Buy a Hand Brace
When combined with auger bits a “brace” is used to bore holes into wood for various purposes, including for pegging joints and boring holes for mortises.
You can find really old braces with a simple thumb screw (above) or braces with a ratcheting mechanism (below). The ratcheting mechanism is especially handy for boring in corners where you can’t rotate 360 degrees. But that isn’t a situation that I’ve run into very often, so don’t specifically look for a brace with a ratcheting mechanism. However, I find that most braces have a ratcheting mechanism.
What is the “sweep” of a Hand Brace drill?
The “sweep” of a brace is the imaginary diameter that the handle creates as you rotate it in a circle. A wider sweep (like 12-inch) will bore a hole faster and more aggressively, and a narrower sweep will bore a hole more slowly and carefully. deciding on the ideal sweep just depends on what you’re making. But I wouldn’t worry too much about this since you likely won’t be using a brace and bit enough for the sweep to matter too much.
How do you measure the sweep of a Hand Brace drill?
In the below photo, if I measure from the center of the handle to the center of the ratchet & auger bit, I see a measurement of 5-inches. Double that radius to get a 10-inch sweep hand brace:
What features should you look for in a Hand Brace?
What should you look for? Braces with sweep between 8″ and 12″ are suitable for traditional woodworking. Braces are very common and shouldn’t cost you very much money: as little as a few dollars. Collectible (e.g. old wooden bodied braces) or popular models of metal braces can run a lot more. Just make sure the top handle (i.e. “head”) is tight, that auger bits can be held firmly in the chuck, and that the brace rotates smoothly.
Which Hand Braces are best for Woodworkers?
I own about a dozen different hand brace drills, but I have a couple favorite hand braces that I favor. I particularly like using my No. 112 Spofford patent split chuck brace (Made by John S. Fray):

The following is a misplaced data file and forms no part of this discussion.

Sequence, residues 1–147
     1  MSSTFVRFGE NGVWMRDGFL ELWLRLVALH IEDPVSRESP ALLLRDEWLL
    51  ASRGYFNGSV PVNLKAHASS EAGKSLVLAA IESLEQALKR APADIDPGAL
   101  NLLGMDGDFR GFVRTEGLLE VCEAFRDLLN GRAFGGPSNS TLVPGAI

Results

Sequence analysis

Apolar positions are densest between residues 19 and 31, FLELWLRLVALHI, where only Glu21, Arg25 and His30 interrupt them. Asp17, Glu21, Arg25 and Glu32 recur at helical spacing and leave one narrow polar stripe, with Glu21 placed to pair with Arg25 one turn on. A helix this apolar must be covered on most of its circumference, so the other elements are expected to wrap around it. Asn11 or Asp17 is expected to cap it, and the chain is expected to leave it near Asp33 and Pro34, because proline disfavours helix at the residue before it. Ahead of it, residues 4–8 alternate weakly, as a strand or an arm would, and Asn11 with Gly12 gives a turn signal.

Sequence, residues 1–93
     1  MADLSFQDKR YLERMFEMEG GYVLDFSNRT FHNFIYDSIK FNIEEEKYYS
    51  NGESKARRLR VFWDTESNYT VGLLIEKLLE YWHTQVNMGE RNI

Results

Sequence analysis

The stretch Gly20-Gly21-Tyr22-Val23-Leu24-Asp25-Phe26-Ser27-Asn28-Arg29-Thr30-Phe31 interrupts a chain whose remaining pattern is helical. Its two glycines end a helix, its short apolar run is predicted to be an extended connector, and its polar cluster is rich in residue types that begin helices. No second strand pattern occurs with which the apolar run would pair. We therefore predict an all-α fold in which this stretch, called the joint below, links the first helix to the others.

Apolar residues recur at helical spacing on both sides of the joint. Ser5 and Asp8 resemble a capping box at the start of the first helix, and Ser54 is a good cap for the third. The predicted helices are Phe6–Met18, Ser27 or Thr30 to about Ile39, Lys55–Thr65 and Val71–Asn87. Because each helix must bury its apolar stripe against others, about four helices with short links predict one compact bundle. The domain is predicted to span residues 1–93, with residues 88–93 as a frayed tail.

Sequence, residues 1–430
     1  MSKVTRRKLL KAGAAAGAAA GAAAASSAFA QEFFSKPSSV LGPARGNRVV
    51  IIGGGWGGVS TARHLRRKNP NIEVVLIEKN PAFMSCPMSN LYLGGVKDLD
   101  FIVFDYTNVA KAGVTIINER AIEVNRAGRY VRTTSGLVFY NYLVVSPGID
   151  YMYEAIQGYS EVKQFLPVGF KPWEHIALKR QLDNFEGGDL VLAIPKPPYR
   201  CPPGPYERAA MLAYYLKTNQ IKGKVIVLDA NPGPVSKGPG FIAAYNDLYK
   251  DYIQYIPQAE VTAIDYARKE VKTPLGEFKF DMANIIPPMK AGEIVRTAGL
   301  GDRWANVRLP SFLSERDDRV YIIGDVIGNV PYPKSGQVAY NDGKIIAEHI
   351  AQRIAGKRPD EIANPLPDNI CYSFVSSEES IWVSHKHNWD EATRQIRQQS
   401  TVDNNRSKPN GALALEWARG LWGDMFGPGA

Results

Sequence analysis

The 12-inch sweep gets the job done quickly, without being too large, the handle is comfortable, and the quick release split chuck is convenient. These can run you over $100, but you may be able to find one that needs a little TLC. Stanley purchased the John Fray company in 1909 and used the same design and Fray name for a number of years, and then started marking them with “Stanley” around 1920.
I also really like using my antique 8-inch sweep Stanley 2101A “Yankee” brace that I picked up awhile ago from a local hand tool dealer, for about $60:
It is much more solidly built than my other ratcheting braces, and has a very smooth action. This brace comes in different sweep sizes, and under the model numbers “2101 or “2101A”. The 2101 Yankee brace was originally made by North Bros (apparently of slightly better quality back then), but the company was acquired by Stanley. Bell System (i.e. Bell Telephone) used this particular brace (and other tools) for their telephone linemen in large numbers, so a lot of these braces will say “Bell Systems”. Bell Systems didn’t manufacture them, they just had them made for them in large quantities. Jim Bode said of this particular brace: “The finest and heaviest duty, most indestructible bit brace ever made. Silky smooth ball bearing construction, both top and bottom. Oil filled. Concealed ratchet system. Heavy-duty chuck. Accepts both traditional square tapered shank bits as well as round shank bits. The last bit brace you will ever need!”
Here are some popular woodworking braces for you to research prices: